Federal Corrections Overuses Segregation to Manage Inmates
OTTAWA, May 28, 2015 /CNW/ - For more than 20 years, the Office of the Correctional Investigator has extensively documented the fact that administrative segregation is significantly overused. Segregation is the most austere and depriving form of incarceration that the state can legally administer in Canada. Today's Statistical Report highlights just how often the practice is used in federal corrections. With an inmate population of just over 14,500 the Correctional Service of Canada (CSC) made 8,300 placements in administrative segregation in last fiscal year.
In releasing his report, Mr. Howard Sapers, Correctional Investigator of Canada, said "There is no escaping the fact that administrative segregation has become overused as a population management tool to address tensions and conflicts in federal correctional facilities." During the reporting period, 27% of the inmate population experienced at least one placement in administrative segregation. "Segregation is so frequently used that half (48%) of the current inmate population has experienced segregation at least once during their present sentence," Sapers added.
Administrative segregation is commonly used to manage mentally ill offenders, self-injurious offenders and those at risk of suicide. The report found that inmates in administrative segregation are twice more likely to have a history of self-injury and attempted suicide, and 31% more likely to have a mental health issue. 68% of inmates at the Regional Treatment Centres (designated psychiatric hospitals) have a history of administrative segregation. Sapers stated that "this is further evidence that the CSC uses segregation to manage behaviours associated with mental illness."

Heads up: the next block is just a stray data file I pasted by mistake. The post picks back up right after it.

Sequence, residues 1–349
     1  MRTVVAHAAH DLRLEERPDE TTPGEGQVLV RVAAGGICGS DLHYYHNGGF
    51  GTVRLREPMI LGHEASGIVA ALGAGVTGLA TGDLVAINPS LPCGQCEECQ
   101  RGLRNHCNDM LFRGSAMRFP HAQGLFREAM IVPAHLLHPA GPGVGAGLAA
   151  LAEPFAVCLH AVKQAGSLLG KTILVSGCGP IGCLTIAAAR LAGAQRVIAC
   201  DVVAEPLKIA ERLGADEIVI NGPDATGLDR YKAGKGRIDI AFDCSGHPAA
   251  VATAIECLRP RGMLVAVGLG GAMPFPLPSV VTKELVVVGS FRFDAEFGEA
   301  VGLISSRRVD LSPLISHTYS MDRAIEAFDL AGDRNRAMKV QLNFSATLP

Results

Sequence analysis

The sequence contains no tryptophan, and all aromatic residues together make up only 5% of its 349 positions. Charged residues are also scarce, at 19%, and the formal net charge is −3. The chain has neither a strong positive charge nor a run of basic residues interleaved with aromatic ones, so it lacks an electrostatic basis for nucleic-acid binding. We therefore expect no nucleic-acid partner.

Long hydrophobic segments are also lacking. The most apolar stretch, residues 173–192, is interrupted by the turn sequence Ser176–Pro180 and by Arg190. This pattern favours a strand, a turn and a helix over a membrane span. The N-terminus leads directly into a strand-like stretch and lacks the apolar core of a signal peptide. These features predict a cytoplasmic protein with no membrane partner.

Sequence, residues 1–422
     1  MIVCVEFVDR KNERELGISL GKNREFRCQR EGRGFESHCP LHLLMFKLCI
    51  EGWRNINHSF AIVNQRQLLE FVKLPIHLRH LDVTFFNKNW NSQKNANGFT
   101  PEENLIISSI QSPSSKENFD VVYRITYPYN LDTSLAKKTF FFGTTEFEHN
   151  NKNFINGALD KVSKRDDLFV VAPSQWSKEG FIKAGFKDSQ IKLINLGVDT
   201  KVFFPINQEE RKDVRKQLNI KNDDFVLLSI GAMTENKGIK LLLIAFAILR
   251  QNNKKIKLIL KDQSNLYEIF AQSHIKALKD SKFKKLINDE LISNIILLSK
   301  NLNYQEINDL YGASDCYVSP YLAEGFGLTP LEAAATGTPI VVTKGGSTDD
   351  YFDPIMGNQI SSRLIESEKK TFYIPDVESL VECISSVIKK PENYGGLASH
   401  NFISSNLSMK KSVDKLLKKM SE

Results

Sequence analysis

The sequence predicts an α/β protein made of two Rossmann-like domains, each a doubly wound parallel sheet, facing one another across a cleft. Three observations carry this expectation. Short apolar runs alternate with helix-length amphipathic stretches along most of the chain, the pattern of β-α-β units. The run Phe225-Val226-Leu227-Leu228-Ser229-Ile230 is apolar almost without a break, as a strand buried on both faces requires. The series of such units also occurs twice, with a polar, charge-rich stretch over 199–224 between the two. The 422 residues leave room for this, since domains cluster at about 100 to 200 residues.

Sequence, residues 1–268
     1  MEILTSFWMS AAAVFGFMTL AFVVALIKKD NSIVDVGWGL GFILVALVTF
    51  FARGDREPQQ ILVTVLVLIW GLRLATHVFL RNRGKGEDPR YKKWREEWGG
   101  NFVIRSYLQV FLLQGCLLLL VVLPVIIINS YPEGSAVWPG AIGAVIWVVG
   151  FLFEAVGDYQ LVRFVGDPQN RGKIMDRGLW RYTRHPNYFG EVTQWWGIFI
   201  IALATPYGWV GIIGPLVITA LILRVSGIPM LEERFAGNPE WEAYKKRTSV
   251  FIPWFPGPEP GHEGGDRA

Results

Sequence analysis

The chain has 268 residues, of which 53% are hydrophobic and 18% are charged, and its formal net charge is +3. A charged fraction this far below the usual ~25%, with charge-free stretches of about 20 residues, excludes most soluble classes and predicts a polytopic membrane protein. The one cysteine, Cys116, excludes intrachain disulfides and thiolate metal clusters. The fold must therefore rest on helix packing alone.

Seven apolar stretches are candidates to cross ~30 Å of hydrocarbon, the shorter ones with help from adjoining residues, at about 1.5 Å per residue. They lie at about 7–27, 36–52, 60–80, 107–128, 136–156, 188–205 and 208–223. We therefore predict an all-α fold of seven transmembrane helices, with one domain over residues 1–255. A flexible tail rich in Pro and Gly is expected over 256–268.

The Statistical Report shows that over-reliance on segregation is not uniform; certain incarcerated groups are more affected than others, including federally sentenced women with mental health issues, Aboriginal and Black inmates. Aboriginal inmates continue to have the longest average stay in segregation compared to any other group.
The Office continues to advocate for significant, meaningful and lasting reforms to the administrative segregation framework. Sapers called for the Government of Canada to limit the use of administrative segregation, prohibit its use for mentally ill inmates and for younger offenders (up to 21 years of age), impose an initial limit of no more than 30 days, and introduce judicial oversight or independent adjudication for any length of stay in segregation beyond 30 days.
Segregated inmates spend 23 hours a day alone in their cells (furnished with a bed and a toilet – no table or chair). The segregated inmate eats all meals alone in the cell, is permitted to take an hour of outdoor exercise per day (weather permitting and with other compatible inmates if possible), is given the opportunity to shower every second day and has limited access to the phone and programs.
The majority of interactions with correctional staff, nurses and psychologists are conducted through the food slot of the segregation cell door. Sapers observed that "the Canadian experience is such that segregated inmates have almost no human contact or meaningful social interaction."
According to Dr. Sharon Shalev, a leading international authority on solitary confinement, between one-third and 90% of prisoners experience some negative impacts of long-term solitary confinement. The symptoms may include insomnia, confusion, feelings of hopelessness and despair, distorted perceptions and hallucinations.
The Correctional Investigator is mandated by an Act of Parliament to be an independent Ombudsman for federal offenders. This work includes ensuring that systemic areas of concern are identified and addressed. To access the Report Administrative Segregation in Federal Corrections: 10 Year Trends, please visit www.oci-bec.gc.ca.
SOURCE Government of Canada